Miller Center

Message Regarding London Naval Treaty (July 7, 1930)

Herbert Hoover

Transcript

To the Senate:
In requesting the Senate to convene in session for the special purpose of dealing with the treaty for the limitation and reduction of naval armament signed at London April 22, 1930, it is desirable that I should present my views upon it. This is especially necessary because of misinformation and misrepresentation which has been widespread by those who in reality are opposed to all limitation and reduction in naval arms. We must naturally expect oppositions from those groups who believe in unrestricted military strength as an objective of the American Nation. Indeed, we find the same type of minds in Great Britain and Japan in parallel opposition to this treaty. Nevertheless, I am convinced that the overwhelming majority of the American people are opposed to the conception of these groups. Our people believe that military strength should be held in conformity with the sole purpose of national defense; they earnestly desire real progress in limitation and reduction of naval arms of the world, and their aspiration is for abolition of competition in the building of arms as a step toward world peace. Such a result can be obtained in no other way than by international agreement.
The present treaty is one which holds these safeguards and advances these ideals. Its ratification is in the interest of the United States. It is fair to the other participating nations. It promotes the cause of good relations.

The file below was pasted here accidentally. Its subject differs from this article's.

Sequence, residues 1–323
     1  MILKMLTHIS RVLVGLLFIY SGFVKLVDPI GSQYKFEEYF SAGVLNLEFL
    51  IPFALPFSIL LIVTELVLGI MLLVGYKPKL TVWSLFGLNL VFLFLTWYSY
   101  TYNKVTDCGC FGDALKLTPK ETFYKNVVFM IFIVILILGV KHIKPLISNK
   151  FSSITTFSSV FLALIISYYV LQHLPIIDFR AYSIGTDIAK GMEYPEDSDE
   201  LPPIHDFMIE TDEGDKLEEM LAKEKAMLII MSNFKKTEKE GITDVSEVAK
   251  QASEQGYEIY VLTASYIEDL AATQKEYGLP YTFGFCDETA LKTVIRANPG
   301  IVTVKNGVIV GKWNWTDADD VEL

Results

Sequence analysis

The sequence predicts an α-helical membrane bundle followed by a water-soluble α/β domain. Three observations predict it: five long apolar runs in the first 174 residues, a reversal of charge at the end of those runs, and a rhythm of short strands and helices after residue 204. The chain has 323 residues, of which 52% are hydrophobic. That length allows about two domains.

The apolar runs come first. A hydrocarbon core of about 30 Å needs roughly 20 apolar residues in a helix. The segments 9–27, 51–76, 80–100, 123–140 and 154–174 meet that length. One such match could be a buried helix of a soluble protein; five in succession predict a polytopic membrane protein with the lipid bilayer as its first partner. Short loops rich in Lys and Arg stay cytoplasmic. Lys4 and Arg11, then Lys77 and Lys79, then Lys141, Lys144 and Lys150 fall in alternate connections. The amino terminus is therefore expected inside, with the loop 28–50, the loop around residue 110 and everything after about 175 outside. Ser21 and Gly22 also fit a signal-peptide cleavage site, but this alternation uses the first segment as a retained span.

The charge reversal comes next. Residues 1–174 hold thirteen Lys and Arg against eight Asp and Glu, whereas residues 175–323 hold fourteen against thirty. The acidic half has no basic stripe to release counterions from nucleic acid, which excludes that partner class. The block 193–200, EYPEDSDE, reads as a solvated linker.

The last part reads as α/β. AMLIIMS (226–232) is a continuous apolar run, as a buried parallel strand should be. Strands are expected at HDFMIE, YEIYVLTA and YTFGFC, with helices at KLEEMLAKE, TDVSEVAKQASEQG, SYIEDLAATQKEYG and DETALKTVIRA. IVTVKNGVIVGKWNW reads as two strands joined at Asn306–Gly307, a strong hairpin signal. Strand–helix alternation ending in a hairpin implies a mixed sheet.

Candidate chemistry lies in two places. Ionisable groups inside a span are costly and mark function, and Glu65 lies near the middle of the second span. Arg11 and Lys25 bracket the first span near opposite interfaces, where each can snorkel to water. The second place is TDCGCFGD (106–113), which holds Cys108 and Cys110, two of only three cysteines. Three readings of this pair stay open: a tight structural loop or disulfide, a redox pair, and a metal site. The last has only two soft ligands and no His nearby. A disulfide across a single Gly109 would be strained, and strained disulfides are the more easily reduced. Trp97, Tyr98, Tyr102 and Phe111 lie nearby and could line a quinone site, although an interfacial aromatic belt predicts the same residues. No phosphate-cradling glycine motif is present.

The only alternative to this treaty is the competitive building of navies with all its flow of suspicion, hate, ill will, and ultimate disaster. History supports those who hold to agreement as the path to peace. Every naval limitation treaty with which we are familiar, from the Rush-Bagot agreement of 1817, limiting vessels of war on the Great Lakes, to the Washington arms treaty of 1921, has resulted in a marked growth of good will and confidence between the nations which were parties to it.
It is folly to think that because we are the richest Nation in the world we can out build all other countries. Other nations will make any sacrifice to maintain their instruments of defense against us, and we shall eventually reap in their hostility and ill will the full measure of the additional burden which we may thus impose upon them. The very entry of the United States into such courses as this would invite the consolidation of the rest of the world against us and bring our peace and independence into jeopardy. We have only to look at the state of Europe in 1914 to find ample evidence of the futility and danger of competition in arms.